They store fat in their abdomens that will help them make the long trip south and will help them survive the winter. During their five months in Mexico from November to May, monarchs remain mostly inactive. They will remain perfectly still hour-after-hour and day-after-day. They live off of the stored fat they gained during their fall migration.

Various food sources
The plant they are feeding from in the photo above is known as Roosevelt Willow or Roosevelt Weed Baccharis neglecta . It's a tall shrub with many willow-like branches covered with very dark green, linear leaves. After warm rains in late summer it produces a profusion of creamy white flower clusters which are followed by silvery plumed seeds that cover the plant with a white cloud. It grows from North Carolina to Arizona, and throughout Texas. Roosevelt Willow/Weed is one of the first plants to invade abandoned fields, roadsides and disturbed habitats. It is extremely drought tolerant, accepting wet or dry sites, and can grow in soils high in salt. The historical references of its common names purportedly come from the fact that after the great Dust Bowl, it was planted as a fast and easy way to revegetate the severely damaged soil.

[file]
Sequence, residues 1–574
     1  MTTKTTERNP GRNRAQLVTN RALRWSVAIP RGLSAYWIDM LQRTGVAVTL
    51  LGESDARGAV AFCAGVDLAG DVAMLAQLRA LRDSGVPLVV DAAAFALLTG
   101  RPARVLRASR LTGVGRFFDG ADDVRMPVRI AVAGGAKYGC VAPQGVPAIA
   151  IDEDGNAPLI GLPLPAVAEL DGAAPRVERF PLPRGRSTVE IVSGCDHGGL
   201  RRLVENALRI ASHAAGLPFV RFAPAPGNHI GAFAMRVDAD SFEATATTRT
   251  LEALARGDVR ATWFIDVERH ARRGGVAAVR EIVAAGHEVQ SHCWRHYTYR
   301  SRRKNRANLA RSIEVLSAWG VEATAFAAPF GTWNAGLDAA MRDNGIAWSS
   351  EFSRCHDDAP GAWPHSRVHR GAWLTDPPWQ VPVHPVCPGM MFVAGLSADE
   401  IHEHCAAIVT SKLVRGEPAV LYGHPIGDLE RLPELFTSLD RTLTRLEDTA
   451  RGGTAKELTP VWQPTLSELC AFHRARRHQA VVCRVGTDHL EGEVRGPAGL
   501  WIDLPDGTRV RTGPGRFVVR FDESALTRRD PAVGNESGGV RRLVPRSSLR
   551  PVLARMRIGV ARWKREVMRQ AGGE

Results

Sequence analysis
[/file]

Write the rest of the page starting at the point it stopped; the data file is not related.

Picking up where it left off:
Monarch Migration South Through Texas